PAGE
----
Post –Op Instructions

Home Care After Receiving a Composite Filling

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Several hours after your appointment, your lips and tongue may be numb because of the anesthetic used. Do not eat or drink a hot beverage until all the numbness has subsided so you do not accidentally bite your lip, tongue or cheek.

For a few days, the tooth with the filling will usually have heat, cold and pressure sensitivity. The injection sites for the anesthetic shots will also be sore. To alleviate the pain, we recommend taking ibuprofen, acetaminophen or aspirin as directed on the bottle.

As with any procedure, if your pain or sensitivity persists, or if you have any questions, please call our office.

Home Care After Receiving a Crown or Bridge

Usually it takes more than one appointment to give a patient a crown or bridge. At the first appointment, your mouth is anesthetized so our doctor can prepare and file down your teeth that need the restoration. While the permanent, custom crown or bridge is being made, our doctor will place a temporary crown or bridge in order to protect your teeth. After this first appointment, your lips and tongue will be numb because of the anesthetic used. Do not eat or drink a hot beverage until all the numbness has subsided so you do not accidentally bite your lip, tongue or cheek.

If your temporary crown falls off, please call our office immediately. Bring the temporary crown with you to the office, and we will re-place it on your tooth. To ensure the temporary crown stays on, do not eat sticky or hard foods or chew gum.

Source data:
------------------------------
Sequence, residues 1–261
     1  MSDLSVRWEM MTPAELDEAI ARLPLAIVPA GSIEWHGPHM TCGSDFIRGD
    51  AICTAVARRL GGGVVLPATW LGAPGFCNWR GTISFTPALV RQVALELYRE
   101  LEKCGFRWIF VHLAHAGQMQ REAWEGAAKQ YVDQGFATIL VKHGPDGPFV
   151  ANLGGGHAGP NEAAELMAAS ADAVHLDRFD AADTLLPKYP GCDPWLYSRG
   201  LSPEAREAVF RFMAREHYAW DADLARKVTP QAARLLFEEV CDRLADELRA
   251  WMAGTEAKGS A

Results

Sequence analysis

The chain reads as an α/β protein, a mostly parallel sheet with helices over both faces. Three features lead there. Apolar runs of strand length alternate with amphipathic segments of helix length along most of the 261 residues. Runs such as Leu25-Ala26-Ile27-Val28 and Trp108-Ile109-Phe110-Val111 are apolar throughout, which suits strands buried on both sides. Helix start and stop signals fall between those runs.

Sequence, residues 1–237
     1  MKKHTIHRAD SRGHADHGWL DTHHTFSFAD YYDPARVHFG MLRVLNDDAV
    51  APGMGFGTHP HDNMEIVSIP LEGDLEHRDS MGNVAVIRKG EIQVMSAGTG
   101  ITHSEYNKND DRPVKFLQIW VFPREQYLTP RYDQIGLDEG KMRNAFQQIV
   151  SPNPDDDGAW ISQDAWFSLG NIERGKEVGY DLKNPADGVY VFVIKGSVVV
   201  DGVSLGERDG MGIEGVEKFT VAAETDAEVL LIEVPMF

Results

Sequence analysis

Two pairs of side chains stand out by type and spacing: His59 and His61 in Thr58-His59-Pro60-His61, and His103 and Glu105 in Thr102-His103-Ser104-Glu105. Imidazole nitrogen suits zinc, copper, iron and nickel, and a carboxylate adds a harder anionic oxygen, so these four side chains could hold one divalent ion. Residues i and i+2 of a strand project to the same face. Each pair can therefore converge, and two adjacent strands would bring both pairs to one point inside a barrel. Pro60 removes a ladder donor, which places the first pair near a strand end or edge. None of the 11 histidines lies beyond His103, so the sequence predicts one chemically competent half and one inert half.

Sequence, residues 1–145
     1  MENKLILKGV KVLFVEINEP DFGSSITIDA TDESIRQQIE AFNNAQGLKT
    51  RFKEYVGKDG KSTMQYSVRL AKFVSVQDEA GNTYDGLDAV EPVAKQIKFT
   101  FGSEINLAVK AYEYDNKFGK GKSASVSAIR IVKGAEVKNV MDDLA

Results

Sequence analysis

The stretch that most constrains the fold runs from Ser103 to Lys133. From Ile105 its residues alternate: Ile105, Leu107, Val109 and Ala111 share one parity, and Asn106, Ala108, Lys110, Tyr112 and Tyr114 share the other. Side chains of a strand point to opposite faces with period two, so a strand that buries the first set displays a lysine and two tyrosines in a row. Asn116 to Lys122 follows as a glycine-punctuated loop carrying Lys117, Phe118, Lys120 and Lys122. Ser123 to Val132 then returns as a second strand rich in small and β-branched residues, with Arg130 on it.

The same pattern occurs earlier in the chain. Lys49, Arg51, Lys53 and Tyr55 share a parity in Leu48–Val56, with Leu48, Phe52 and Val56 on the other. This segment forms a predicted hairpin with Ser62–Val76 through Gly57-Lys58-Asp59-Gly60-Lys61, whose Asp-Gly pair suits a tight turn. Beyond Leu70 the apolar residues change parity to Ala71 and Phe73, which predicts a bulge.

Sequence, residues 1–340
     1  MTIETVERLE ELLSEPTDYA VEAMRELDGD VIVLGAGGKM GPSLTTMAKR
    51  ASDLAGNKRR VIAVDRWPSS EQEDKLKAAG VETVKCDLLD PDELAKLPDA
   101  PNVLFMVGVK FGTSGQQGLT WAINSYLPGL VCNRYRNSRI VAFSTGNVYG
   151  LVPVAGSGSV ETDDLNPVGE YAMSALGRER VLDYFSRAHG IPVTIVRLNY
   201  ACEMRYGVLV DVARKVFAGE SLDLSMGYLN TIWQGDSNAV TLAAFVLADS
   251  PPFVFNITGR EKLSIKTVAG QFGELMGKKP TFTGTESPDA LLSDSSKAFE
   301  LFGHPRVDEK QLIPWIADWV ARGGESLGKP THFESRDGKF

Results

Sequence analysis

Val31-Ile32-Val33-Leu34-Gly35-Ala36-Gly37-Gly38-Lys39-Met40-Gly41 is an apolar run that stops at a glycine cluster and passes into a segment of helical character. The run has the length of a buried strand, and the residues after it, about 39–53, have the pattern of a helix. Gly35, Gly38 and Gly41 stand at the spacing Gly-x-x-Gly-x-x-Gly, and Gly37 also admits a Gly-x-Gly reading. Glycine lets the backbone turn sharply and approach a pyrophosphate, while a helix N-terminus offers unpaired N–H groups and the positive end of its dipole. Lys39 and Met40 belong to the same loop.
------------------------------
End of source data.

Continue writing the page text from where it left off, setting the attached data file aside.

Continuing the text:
For a few days, the tooth with the temporary crown will have heat, cold and pressure sensitivity. These sensitivities should subside a few weeks after the permanent crown is placed. To alleviate the pain in the meantime, we recommend taking ibuprofen, acetaminophen or aspirin as directed on the bottle.

As with any procedure, if your pain or sensitivity persists, or if you have any questions, please call our office.

Home Care After a Tooth Extraction

After a tooth extraction, a blood clot usually forms in the extracted tooth’s socket to stop bleeding and to protect the exposed jaw bone. If the clot becomes dislodged or does not form, the site is called a dry socket, which is usually painful. If you have a dry socket, please call our office immediately. Usually, a medicated dressing will be placed on the dry socket by our doctor until the healing process can begin.

To stop bleeding after an extraction, place a piece of gauze over the socket and apply firm biting pressure for 45 minutes to an hour. Applying pressure for this extended period of time should stop the bleeding. If not, contact our office immediately.

Once the bleeding has stopped and a clot has formed, do not suck on straws, smoke, drink alcohol or brush the teeth next to the socket for up to 72 hours afterward, as these actions will disturb the blood clot. Also, do not vigorously exercise for the next 24 hours after the extraction.

To alleviate the pain and reduce swelling, we recommend applying an ice pack. You may also take ibuprofen, acetaminophen or aspirin as directed on the bottle.

After 24 hours, it is important to resume your normal brushing and flossing routine.

As with any procedure, if your pain or sensitivity persists, or if you have any questions, please call our office.